A protester against NSA surveillance at a rally in October. Allison Shelley/Getty Images
On Dec. 18, President Barack Obama’s Review Group on Intelligence and Communications Technologies released a surprisingly critical report of the United States government’s intelligence practices since 9/11. The immediate reaction to the panel’s 300-plus-page report has rightly focused on its 46 recommendations for intelligence reform, such as ending the National Security Agency’s dragnet collection of Americans’ phone records that seeks to analyze the relationship networks of a minute number of counterterrorism targets. Yet it would be a mistake to pay attention only to the report’s particulars and ignore the very American civil libertarian philosophy animating the panel’s interpretation of what “security,” at its core, means.
The five-member group, comprising privacy, legal and national-security experts handpicked by the White House, does not simply conceive of security as national or homeland security. Rather, it passionately argues for a much richer, and more traditional, understanding of what security means to a free people, emphasizing the people’s Fourth Amendment right “to be secure in their persons, houses, papers, and effects, against unreasonable searches and seizures.” The panel then immediately goes on to correctly equate security with freedom from governmental intrusion. “This form of security is a central component of the right to privacy,” it writes, “which Supreme Court Justice Louis Brandeis famously described as ‘the right to be let alone — the most comprehensive of rights and the right most valued by civilized men.’”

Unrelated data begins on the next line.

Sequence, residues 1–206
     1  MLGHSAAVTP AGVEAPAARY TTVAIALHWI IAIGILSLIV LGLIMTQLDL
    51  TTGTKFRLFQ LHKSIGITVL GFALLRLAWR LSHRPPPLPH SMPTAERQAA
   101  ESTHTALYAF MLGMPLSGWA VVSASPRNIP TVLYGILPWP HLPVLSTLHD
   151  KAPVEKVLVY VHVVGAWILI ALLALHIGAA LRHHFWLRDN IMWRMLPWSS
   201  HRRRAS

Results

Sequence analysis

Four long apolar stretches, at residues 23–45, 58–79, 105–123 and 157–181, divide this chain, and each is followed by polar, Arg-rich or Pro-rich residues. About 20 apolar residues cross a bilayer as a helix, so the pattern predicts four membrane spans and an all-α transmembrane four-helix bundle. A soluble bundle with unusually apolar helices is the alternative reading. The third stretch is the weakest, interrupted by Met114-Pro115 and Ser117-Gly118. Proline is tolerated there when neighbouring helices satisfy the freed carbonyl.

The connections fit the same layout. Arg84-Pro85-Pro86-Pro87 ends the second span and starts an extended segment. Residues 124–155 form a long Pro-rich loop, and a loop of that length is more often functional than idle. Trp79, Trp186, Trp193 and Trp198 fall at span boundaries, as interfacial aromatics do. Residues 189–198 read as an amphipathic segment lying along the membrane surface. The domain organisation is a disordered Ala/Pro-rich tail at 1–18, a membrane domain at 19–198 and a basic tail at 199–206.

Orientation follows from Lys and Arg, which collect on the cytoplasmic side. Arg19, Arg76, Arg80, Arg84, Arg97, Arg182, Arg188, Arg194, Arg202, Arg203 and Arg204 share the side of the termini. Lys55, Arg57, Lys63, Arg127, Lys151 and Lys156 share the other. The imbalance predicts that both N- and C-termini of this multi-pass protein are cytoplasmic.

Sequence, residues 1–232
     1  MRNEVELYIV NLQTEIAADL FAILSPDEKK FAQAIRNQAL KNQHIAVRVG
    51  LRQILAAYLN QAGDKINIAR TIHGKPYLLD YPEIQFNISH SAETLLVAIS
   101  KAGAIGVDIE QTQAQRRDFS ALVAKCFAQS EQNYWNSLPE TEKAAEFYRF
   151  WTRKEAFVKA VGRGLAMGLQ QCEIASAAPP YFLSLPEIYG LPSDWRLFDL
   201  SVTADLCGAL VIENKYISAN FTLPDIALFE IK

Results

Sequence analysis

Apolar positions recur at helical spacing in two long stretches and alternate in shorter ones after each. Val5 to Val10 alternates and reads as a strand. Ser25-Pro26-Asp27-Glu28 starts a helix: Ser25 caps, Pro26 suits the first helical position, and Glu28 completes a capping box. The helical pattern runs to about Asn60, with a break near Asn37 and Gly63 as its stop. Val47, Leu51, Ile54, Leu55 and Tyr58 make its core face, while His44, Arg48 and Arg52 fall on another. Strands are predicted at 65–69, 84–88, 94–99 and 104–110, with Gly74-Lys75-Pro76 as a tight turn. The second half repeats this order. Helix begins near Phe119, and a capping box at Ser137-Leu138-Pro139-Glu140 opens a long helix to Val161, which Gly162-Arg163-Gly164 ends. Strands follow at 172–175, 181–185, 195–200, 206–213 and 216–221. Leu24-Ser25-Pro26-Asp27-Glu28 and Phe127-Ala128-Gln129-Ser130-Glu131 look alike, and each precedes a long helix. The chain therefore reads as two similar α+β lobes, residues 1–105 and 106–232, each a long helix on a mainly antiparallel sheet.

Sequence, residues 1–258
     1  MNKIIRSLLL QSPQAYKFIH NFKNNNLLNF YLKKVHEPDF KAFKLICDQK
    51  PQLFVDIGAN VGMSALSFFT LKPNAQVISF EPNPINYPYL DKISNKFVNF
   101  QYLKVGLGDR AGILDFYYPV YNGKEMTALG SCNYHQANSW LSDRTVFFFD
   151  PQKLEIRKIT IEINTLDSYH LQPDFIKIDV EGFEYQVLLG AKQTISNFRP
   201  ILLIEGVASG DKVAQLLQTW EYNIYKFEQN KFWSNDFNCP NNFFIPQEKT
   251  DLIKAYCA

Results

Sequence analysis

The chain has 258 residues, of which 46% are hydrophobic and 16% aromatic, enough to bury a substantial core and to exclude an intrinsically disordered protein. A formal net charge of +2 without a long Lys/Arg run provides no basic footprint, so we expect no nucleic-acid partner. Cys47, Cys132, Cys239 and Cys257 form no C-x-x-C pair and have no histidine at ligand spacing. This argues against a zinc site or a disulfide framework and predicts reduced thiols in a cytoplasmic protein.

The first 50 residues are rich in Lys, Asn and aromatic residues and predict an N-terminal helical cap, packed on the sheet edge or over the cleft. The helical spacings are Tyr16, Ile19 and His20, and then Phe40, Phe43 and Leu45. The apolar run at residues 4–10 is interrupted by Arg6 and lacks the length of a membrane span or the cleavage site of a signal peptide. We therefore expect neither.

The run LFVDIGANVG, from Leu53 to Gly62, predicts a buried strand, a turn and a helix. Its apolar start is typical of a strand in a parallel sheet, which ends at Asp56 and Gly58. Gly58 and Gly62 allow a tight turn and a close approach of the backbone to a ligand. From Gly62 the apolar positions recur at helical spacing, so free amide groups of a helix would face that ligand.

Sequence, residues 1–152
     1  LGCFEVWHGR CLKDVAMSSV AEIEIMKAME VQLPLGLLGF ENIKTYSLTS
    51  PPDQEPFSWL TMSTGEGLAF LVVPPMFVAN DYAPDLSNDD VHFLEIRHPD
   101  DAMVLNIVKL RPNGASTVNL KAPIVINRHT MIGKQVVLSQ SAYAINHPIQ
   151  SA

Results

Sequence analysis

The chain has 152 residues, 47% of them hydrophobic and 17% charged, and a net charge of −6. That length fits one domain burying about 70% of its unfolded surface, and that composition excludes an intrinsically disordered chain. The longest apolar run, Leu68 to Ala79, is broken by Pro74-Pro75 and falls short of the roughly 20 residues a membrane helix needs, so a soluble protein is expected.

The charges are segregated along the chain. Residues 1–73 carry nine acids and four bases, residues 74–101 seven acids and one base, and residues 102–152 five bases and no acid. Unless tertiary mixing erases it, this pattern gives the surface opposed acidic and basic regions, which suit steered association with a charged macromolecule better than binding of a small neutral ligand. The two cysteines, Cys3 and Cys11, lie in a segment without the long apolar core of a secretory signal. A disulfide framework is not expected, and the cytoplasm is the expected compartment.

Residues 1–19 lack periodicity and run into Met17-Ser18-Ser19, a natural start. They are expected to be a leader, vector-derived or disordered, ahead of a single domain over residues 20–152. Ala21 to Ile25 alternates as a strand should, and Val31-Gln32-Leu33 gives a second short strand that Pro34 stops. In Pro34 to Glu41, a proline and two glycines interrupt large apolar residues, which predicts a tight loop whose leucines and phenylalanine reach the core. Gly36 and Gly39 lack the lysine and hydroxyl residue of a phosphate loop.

Harbor no illusions: This conception of security as protection from government meddling is a total repudiation of what the U.S. intelligence apparatus has done since 9/11. Because of whistle-blower and former NSA contractor Edward Snowden’s disclosures, we now know that the U.S. intelligence community systematically undermines and sabotages all people’s right to be left alone. On top of collecting the records of Americans’ phone calls domestically and abroad, the NSA sifts through the content of email and text communications to and from the U.S., compels American technology companies to provide the personal data of their international customers without a warrant, hacks into the unencrypted data links between Internet companies’ servers overseas, injects vulnerabilities into global encryption standards, collects daily location data from billions of mobile devices worldwide, collected the records of Americans’ email and Internet usage until 2011, and on and on. (Full disclosure: I work for the American Civil Liberties Union, which provides legal representation for Snowden.)